Outpatient treatment accommodates people who are ready to step down from inpatient or residential care, but it can also be a great starting point for those needing a lower level of care.
After spending time in an inpatient treatment center, many substance abuse patients elect to participate in an intensive outpatient program (IOP) due to the flexibility it provides. It’s also an option for those who go through detox, but don’t enter into a residential setting.
Who is a good candidate for IOP?
In IOP, patients can maintain their normal routine during the later stages of their recovery while continuing to receive support. This option is especially helpful for those who have young children, are the sole provider for their household or can’t afford to lose their job due to a lengthy leave of absence.
One of the key reasons people consider IOP is because it alleviates some of the fear caused by inpatient addiction treatment. Residential treatment can seem overwhelming and financially daunting. IOP removes most of the risk, making it more accessible to those who need it.
IOP provides community support
Often, isolation is one of the biggest threats to recovery from addiction, which is why inpatient programs work to create a sense of community amongst patients. But even if patients have a support network of family and friends once they leave inpatient care, IOP can provide the best of both worlds — support at home and with a strong community of peers in recovery.
Joyce Willis, a licensed professional counselor in private practice says, “Intensive outpatient centers can provide a step down from an inpatient center, so clients are not just put back into the real world with no safety net.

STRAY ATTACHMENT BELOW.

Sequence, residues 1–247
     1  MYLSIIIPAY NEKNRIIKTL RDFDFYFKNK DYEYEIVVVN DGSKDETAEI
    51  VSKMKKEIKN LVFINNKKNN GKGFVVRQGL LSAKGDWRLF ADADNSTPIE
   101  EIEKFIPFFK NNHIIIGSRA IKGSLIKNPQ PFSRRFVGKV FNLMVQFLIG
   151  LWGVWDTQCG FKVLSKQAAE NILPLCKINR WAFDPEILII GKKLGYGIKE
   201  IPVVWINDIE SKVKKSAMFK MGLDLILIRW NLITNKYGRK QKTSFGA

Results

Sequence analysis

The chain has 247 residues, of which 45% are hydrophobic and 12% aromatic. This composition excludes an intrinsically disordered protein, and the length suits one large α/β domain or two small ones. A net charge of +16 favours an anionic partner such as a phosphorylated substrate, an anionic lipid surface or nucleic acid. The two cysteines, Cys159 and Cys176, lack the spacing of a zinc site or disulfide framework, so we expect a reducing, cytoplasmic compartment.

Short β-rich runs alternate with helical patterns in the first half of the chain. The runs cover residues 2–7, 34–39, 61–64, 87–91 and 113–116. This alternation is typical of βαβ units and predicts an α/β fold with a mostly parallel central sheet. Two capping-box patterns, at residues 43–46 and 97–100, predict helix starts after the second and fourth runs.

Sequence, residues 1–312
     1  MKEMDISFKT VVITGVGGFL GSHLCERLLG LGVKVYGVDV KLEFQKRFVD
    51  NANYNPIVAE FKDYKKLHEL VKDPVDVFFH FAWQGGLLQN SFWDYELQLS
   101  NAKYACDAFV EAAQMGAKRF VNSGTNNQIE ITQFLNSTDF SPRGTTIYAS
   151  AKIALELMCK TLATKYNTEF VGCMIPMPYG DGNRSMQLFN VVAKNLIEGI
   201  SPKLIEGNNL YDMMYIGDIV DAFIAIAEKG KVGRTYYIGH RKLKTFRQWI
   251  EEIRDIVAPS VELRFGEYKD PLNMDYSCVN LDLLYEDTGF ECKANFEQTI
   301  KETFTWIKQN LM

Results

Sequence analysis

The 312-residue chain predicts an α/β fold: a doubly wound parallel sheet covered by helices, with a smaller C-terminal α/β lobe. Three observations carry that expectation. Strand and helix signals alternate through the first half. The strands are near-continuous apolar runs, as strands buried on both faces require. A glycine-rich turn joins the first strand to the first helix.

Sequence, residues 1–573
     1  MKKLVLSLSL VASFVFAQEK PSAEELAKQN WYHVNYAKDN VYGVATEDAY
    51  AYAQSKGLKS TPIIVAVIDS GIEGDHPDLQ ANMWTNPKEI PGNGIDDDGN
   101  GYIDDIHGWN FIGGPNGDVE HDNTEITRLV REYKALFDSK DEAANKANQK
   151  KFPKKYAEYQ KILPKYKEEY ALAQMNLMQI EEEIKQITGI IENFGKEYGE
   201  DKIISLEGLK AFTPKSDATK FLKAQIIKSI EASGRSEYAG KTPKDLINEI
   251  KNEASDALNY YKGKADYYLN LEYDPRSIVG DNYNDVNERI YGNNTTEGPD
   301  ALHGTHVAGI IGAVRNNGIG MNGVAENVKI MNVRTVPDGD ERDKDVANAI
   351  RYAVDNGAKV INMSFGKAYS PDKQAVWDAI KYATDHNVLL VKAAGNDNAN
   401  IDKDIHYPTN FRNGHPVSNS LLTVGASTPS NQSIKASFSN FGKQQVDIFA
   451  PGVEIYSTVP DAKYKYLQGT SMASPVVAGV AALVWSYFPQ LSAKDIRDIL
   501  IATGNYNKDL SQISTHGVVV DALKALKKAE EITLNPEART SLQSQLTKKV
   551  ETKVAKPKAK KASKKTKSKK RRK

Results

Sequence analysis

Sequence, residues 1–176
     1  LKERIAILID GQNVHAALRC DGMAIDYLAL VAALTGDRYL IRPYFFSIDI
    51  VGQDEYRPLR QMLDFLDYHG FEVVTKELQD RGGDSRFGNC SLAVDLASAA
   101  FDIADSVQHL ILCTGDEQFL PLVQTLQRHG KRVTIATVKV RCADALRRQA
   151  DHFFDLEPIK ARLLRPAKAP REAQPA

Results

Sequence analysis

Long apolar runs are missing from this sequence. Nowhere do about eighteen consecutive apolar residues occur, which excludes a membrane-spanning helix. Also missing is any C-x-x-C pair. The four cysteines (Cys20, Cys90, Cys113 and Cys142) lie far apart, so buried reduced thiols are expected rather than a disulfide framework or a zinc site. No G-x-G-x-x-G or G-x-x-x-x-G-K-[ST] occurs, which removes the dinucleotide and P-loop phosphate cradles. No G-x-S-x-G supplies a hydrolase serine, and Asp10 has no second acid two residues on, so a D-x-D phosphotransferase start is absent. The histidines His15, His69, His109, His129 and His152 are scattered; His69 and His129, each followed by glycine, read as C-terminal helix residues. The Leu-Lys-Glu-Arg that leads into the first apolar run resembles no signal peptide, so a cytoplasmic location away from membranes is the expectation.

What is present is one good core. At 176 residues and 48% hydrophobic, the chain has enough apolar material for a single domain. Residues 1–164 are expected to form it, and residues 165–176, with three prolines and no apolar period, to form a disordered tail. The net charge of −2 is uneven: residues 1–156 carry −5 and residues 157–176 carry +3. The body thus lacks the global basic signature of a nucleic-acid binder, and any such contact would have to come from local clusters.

“Intensive outpatient centers help clients — who are struggling with addictions, or past trauma and mood disorders — look at the dynamics that led to their present condition in order to understand the past so they can face the future with confidence.
“They provide a safe, supportive environment to help clients put learned tools into practice and to learn new tools that will give them an opportunity for a successful life. Ultimately, intensive outpatient centers help clients build responsibility and confidence so they can transition into a life of recovery.”
IOP is generally less expensive than inpatient treatment
Another benefit of IOP is its cost. It’s significantly less expensive than inpatient recovery. Many IOP programs are under $10,000, while inpatient programs can run $40,000 or more. Addiction centers nationwide vary in price for each level of care. People with more severe substance use disorders likely need extended and more intensive treatment. Intensive care generally is more expensive than standard treatment.
What does IOP include?
Among the services most frequently offered through IOP are:
- Individual therapy — working 1:1 with a counselor to discuss negative patterns of behavior, existing mental illness or past trauma.
- Group counseling — working with peers who are also recovering from drug and alcohol abuse to support one another and develop life and coping skills.
- Family therapy — working with immediate or more distant family relationships to facilitate forgiveness or understanding.
A study published by the U.S. National Library of Medicine found that IOP programs are effective and can lead to substantial reductions in alcohol and drug use.
For an in-depth guide to what to look for — and what to avoid — when searching for an addiction treatment program, visit drugfree.org.
To determine if IOP is the best treatment option for you, and receive a full evaluation and assessment, contact Landmark Recovery at 888-448-0302.
About The Author
Freelance writer D.D. Kullman is a tennis player, snow skier, animal lover and early tech adopter. She lives in Phoenix, Arizona with her husband, Joe, and Sheltie, Koko and is an adjunct instructor at Grand Canyon University.